Funny, yes, but think of the implications and contradictions. On the one hand, people with depression or PTSD have trouble remembering things and/or processing complex data. In those patients, brain scans reveal overactive amygdalas that are often deteriorating -- possibly due to the toxins produced from stress (like cortisol). On the other hand, potheads have trouble remembering things or processing complex data too. But what happens if you give stressed, anxious or depressed patients cannabinoids? Early research seems to suggest that they might just relax and think things through.

Wait a second.

Most research seems to show that THC has a detrimental impact on memory function. But if those same substances have been shown to dampen the emotional responses that interfere with learning and memory, then is it hypothesized that cannibinoids have potential benefits in patients with PTSD/anxiety disorder -- and might somehow actually help promote learning and memory? Is this the scientific equivalent of writing on Beth's deadlines versus Charlie's vacuum-the-house-generated prose?

I'd like to see brain scans of writers writing under the following conditions: on deadline, with someone screaming at them, after cleaning house or driving a car or other idea-generating activities, after jogging and after being given THC.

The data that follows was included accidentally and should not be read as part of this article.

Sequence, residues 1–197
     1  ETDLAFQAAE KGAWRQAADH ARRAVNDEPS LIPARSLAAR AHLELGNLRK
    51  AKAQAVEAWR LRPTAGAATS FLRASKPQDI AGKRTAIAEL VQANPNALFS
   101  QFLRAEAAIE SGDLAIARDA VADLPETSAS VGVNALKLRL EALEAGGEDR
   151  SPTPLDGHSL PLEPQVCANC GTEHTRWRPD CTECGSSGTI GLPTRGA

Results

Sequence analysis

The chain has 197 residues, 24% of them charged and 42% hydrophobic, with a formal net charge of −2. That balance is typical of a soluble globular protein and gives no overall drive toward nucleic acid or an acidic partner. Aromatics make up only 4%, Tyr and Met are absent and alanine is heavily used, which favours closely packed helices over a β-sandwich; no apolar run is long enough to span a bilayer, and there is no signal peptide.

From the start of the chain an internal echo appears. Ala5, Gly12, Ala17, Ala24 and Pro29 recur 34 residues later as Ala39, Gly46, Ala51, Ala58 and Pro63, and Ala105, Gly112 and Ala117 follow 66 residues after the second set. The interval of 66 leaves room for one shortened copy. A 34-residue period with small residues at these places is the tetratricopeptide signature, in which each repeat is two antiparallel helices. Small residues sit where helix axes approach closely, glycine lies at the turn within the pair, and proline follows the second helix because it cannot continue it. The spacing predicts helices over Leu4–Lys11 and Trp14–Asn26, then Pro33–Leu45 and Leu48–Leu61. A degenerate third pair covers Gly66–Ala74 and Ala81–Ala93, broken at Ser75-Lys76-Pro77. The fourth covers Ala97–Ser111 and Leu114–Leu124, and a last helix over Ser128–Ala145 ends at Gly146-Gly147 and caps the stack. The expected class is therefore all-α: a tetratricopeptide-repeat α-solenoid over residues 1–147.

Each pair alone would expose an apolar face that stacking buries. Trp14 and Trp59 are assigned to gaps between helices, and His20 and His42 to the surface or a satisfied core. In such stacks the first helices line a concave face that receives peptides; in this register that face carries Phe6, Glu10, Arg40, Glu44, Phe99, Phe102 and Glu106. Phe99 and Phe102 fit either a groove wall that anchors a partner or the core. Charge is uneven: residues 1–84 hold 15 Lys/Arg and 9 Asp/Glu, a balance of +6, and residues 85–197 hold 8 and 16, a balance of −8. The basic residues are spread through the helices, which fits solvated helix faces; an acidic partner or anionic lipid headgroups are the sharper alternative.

Could we see the actual changes in cognition? What parts of the brain would light up or turn off? What could we learn from this sort of study? And how would that impact the blogosphere and newsrooms across America?  

Wouldn't you just love to peer inside the brains of your favorite writers and see not only what makes them tick, but also how they tick?

Any volunteers?

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Thursday, January 01, 2009

Lucky 7, Lucky You: My Random Things

Well, I’ve been tagged in a “meme”-- which, according to my tagger, is something like a blog version of those “getting to know you” e-mails that find their way to my in-box on occasion.

Unlike that damn redhead, Stacy Lukas who tagged me, I had no idea what a "meme" was, nor what volunteering that information would mean for my free time over the next day or two. But, as she promised in her own blog, it’s relatively simple: I'm supposed to list seven random things about myself for your enjoyment and/or education. Without further ado: